Position/Organization: editor in chief, Scientific American
Mariette DiChristina oversees Scientific American, ScientificAmerican.com, Scientific American MIND and all newsstand special editions. A science journalist for more than 20 years, she first came to Scientific American in 2001 as its executive editor. She is also the president (in 2009 and 2010) of the 2,500-member National Association of Science Writers. DiChristina is a frequent lecturer and has appeared at the 92nd Street Y in New York, Yale University and New York University among many others.
Previously, she spent nearly 14 years at Popular Science in positions culminating as executive editor. Her work in writing and overseeing articles about space topics helped garner that magazine the Space Foundation’s 2001 Douglas S. Morrow Public Outreach Award. She is former chair of Science Writers in New York (2001 to 2004) and a member of the American Society of Magazine Editors and the Society of Environmental Journalists.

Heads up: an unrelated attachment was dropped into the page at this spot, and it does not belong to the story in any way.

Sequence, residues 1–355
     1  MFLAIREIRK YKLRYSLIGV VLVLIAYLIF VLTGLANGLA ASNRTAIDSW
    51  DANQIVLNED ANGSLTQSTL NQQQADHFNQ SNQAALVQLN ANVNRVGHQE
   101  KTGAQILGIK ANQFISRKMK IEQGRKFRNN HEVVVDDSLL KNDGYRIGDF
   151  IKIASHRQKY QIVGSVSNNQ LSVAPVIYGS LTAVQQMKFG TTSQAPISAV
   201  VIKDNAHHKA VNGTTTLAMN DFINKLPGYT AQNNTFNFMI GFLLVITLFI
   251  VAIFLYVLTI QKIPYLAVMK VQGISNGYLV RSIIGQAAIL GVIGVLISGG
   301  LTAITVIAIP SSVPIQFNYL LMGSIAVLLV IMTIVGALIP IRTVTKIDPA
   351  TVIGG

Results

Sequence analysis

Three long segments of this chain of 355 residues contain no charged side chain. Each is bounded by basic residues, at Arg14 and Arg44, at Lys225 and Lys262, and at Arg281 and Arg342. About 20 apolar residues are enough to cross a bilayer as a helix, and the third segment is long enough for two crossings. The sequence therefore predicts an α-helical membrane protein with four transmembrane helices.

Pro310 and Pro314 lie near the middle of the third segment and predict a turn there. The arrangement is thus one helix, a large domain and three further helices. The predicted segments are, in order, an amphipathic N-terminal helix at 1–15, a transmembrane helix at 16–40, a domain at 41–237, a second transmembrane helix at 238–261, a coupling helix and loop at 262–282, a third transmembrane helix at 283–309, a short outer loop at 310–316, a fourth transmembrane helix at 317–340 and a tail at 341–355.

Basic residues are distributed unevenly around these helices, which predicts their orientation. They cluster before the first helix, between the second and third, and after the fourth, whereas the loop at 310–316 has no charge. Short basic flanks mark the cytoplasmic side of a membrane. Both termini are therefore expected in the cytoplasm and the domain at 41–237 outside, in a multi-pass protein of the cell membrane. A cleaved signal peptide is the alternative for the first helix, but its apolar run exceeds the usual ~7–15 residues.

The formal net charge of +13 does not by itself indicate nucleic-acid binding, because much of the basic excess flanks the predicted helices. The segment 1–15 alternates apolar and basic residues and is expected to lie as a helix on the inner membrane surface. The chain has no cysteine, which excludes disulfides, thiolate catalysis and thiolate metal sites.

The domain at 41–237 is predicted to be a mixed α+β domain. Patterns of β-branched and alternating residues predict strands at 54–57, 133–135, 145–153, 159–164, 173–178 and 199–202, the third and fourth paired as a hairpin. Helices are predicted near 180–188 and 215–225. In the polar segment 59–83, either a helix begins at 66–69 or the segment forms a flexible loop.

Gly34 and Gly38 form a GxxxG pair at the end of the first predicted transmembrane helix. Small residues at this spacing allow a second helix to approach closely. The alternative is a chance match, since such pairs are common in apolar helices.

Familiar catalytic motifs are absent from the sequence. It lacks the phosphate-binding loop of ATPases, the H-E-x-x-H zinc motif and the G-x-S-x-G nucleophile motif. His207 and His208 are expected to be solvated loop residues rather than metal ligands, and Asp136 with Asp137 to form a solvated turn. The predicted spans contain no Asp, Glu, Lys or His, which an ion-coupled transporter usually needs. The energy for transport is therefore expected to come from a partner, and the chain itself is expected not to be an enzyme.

Pitching Scientific American:
Scientific American, founded in 1845, is the flagship of a series of titles, including 14 foreign-language editions, www.ScientificAmerican.com, the bimonthly Scientific American Mind and anthology issues. The best way to break in is to pitch short pieces for the front-of-book sections. Scientific American's "Advances" assignment editor is Anna Kuchment (firstname.lastname@example.org). For the "Science of Health" column, pitch Christine Gorman (email@example.com). ScientificAmerican.com's managing editor for online is Philip Yam (firstname.lastname@example.org) and online news editor is Robin Lloyd (email@example.com). Scientific American Mind's "Head Lines" editor is Karen Schrock (firstname.lastname@example.org). Send feature proposals for Scientific American to Ricki Rusting, managing editor (email@example.com). Feature and "Perspectives" proposals for Scientific American Mind may go to Ingrid Wickelgren, editor (firstname.lastname@example.org).
Saturday, November 6th, 11:15 am - 12:45 pm